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Study: Discovering New Ways to Boost Your Creativity


What is personal creativity? And can it be developed?

Personal creativity includes novel ideas and experiences. Think a new hairdo, a shortcut in servicing one’s car engine or a clever conversation.

According to a recent study, everyone can learn to develop personal creativity.

Mihaly Csikszentmihalyi and Jeanne Nakamura of Claremont University published their findings in the Handbook of Adult Development and Learning (Oxford University Press, 2006).

"Creativity is the juice that nurtures aging, filling it with hope and possibility," the authors write.

The one essential is curiosity, the desire to learn. People who are interested in new knowledge, who enjoy the thrill of discovery, are well on their way to living the creative life. Importantly, nurturing our creativity juices is something we can all do.

The authors offer these suggestions:

Expect to be surprised: Start each day with a sense of expectancy. If you stay alert and pay full attention, even the simplest sight, sound, person or conversation can reveal the unexpected.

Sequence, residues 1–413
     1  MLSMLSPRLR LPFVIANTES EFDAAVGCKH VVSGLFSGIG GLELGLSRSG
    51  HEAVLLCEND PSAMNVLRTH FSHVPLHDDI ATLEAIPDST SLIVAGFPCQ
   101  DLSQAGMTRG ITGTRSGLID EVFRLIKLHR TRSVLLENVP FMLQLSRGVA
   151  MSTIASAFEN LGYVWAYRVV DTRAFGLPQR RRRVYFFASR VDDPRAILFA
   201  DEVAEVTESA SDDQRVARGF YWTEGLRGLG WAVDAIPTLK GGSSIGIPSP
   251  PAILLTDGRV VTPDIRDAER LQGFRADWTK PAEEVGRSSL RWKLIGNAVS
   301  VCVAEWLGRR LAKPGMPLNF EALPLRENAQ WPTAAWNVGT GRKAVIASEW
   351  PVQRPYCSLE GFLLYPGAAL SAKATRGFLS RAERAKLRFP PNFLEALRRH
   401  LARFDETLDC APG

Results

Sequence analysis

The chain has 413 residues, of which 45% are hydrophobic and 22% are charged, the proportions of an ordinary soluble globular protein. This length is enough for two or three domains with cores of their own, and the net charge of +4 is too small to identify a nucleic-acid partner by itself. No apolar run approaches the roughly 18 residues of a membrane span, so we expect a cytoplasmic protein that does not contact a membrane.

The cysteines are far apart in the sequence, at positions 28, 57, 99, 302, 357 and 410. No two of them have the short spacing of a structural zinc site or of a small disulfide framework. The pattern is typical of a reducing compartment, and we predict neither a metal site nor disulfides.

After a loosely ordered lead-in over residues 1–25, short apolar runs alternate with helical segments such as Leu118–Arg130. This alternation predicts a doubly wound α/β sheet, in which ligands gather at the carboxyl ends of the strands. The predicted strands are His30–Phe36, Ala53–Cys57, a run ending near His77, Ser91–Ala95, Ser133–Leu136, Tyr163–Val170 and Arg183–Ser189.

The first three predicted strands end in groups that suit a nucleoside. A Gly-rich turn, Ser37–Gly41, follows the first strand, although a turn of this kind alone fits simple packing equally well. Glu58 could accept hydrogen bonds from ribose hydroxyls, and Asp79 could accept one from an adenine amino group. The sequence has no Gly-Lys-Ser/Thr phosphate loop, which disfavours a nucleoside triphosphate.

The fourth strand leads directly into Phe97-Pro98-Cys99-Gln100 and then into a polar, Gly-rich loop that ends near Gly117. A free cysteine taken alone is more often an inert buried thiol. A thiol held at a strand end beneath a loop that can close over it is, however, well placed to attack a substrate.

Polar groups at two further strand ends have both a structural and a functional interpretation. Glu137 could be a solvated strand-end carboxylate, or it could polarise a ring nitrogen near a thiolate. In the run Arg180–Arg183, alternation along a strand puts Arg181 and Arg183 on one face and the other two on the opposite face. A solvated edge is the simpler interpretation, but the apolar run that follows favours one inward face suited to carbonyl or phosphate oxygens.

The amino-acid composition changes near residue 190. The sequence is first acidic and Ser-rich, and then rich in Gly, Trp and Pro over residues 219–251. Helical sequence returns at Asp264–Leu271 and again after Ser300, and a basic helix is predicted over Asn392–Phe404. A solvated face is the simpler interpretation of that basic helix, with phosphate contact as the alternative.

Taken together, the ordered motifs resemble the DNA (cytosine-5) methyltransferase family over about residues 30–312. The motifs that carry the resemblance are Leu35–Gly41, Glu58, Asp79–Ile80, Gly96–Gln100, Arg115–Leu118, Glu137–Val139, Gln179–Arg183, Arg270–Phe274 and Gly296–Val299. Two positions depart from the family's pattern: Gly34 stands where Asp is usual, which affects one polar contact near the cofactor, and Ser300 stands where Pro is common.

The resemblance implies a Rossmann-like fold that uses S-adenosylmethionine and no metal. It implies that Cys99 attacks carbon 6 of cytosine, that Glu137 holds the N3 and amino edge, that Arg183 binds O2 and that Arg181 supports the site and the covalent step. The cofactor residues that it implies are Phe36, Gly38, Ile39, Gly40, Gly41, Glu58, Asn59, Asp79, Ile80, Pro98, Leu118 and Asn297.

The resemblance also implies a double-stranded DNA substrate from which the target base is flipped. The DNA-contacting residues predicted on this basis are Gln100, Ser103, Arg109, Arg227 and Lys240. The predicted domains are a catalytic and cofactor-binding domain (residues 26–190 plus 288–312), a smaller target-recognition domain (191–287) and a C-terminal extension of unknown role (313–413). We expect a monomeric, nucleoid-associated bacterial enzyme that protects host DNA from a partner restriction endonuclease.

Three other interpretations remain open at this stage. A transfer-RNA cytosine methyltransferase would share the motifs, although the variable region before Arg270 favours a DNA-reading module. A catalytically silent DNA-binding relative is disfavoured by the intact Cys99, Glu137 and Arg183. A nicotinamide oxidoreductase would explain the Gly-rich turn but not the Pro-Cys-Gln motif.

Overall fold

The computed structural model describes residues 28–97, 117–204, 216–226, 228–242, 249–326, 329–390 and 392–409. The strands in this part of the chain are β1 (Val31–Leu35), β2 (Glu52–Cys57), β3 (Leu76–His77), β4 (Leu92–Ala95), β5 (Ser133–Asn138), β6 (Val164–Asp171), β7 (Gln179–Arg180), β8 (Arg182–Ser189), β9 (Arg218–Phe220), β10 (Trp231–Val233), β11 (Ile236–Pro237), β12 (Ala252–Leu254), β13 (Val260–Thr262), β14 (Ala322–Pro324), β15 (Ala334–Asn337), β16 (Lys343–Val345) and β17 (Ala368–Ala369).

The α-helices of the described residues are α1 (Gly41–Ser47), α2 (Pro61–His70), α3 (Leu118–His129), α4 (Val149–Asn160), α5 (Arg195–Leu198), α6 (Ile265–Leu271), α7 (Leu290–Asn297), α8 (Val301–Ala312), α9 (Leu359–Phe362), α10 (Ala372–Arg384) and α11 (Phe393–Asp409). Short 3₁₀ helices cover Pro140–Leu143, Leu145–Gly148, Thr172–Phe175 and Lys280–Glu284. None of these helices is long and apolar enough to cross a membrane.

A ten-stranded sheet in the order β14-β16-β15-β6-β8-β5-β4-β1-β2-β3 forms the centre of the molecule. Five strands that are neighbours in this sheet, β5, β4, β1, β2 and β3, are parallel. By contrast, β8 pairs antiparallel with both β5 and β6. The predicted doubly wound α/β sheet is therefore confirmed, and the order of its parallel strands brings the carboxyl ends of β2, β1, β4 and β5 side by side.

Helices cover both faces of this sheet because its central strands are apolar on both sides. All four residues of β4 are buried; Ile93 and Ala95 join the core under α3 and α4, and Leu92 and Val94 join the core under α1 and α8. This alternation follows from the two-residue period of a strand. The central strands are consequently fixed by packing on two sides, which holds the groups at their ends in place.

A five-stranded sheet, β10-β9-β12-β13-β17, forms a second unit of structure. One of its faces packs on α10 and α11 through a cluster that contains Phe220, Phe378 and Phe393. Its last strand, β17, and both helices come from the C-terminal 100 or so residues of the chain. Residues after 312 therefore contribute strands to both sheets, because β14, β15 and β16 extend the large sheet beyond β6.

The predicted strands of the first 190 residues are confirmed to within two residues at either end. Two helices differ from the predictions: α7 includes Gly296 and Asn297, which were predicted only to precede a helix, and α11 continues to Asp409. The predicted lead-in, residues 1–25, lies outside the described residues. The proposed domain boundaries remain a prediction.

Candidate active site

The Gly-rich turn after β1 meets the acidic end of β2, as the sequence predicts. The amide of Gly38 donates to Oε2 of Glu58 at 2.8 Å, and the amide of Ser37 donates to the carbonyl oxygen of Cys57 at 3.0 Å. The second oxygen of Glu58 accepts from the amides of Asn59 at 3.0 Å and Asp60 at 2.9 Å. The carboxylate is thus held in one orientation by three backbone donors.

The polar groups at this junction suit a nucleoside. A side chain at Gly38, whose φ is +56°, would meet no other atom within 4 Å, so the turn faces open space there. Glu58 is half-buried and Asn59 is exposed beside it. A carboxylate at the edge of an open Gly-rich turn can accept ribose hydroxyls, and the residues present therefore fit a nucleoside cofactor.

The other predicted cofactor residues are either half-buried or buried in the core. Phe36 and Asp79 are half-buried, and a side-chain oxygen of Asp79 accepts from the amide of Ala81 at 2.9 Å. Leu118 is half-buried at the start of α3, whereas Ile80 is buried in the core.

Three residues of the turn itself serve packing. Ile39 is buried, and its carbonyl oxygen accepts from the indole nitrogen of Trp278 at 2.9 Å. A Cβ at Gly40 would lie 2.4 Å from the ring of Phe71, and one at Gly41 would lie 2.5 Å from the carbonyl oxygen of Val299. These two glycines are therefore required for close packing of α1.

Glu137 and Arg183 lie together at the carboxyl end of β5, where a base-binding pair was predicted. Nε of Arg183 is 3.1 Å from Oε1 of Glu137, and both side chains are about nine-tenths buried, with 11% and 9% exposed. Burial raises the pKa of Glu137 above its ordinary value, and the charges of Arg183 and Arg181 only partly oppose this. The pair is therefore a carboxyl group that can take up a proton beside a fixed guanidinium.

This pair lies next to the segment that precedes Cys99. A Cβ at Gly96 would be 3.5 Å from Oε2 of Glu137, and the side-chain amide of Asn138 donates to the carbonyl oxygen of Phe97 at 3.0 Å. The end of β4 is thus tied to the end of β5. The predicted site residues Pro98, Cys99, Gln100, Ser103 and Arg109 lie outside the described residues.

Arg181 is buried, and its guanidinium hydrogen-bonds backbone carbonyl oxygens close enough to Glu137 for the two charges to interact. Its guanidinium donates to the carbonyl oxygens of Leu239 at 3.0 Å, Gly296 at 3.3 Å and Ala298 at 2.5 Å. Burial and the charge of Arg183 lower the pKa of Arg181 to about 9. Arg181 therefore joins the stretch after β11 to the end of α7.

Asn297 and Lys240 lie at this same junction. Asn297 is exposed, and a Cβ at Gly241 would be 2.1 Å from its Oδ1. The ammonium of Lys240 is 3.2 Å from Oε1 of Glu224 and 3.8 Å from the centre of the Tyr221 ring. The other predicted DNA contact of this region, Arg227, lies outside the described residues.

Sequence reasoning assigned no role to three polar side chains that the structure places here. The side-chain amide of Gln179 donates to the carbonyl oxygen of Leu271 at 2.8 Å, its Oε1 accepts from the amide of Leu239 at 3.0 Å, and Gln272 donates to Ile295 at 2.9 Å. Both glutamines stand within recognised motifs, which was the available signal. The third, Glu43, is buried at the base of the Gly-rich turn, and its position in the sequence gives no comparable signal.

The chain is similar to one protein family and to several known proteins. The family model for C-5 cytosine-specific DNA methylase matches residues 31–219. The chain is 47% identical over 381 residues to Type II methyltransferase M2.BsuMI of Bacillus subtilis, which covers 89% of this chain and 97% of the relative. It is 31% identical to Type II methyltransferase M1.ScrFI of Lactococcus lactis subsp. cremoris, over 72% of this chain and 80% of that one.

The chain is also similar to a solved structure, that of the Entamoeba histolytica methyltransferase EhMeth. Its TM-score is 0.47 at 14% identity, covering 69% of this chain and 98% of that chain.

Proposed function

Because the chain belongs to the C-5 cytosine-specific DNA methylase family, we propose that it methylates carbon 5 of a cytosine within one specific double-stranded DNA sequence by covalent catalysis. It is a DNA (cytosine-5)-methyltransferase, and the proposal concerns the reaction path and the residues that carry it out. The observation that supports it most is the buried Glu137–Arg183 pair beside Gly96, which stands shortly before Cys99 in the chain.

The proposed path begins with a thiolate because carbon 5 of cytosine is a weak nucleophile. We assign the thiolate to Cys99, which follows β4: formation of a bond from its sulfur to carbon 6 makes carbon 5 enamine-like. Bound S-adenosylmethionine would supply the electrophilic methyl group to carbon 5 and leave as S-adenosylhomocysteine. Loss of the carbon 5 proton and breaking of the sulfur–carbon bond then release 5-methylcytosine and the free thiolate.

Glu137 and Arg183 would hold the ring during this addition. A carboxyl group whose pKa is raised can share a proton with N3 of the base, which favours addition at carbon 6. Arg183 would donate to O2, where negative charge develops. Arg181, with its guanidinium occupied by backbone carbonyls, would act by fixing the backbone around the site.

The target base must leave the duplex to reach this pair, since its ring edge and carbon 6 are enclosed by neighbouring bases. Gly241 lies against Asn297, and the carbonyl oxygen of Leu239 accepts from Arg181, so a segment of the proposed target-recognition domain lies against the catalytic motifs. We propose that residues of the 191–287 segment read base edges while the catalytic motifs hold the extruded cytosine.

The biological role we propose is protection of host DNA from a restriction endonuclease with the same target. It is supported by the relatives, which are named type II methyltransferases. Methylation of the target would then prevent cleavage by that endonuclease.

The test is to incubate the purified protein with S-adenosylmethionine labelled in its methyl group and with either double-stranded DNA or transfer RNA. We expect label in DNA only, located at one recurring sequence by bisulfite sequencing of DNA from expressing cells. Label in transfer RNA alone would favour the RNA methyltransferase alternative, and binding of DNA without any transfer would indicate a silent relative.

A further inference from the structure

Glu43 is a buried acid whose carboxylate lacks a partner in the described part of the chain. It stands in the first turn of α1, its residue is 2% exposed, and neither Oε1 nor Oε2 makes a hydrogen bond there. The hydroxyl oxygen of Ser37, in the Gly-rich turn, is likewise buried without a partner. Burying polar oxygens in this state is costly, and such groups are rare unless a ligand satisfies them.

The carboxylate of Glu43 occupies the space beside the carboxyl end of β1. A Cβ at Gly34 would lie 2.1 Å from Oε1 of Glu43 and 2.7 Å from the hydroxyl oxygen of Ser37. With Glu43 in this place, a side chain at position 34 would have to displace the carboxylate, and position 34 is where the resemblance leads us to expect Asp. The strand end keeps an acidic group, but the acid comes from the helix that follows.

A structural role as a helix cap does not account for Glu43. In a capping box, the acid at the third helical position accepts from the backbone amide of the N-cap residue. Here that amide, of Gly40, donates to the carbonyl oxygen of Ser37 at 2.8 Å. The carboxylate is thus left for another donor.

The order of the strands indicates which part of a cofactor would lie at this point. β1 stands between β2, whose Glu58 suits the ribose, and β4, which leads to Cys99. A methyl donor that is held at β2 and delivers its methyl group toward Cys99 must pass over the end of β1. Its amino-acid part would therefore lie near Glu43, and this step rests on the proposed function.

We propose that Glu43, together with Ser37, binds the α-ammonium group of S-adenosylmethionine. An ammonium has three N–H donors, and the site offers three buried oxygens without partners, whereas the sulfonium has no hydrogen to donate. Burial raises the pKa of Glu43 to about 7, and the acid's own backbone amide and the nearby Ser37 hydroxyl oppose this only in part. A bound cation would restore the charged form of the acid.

Surprise yourself: Put a dent in your regular routine; surprise yourself or your friends by doing something different. Step out of character; express an opinion or ask a question you would not ordinarily ask. Take up a new activity, try a new style of clothing, or visit a different restaurant.

Along the way, you may stumble on new interests that are enjoyable and meaningful. Take them seriously. Plan to devote time to the experiences you find the most rewarding.

Sharpen your perception skills: Significances beckon at every turn. However, to see them you must be attentive and open. Learning to perceive means being able to temporarily suspend the generic characteristics of experience and focus instead on their uniqueness. "When you take a flower in your hand and really look at it," Georgia O’Keeffe wrote, "It’s your world for the moment."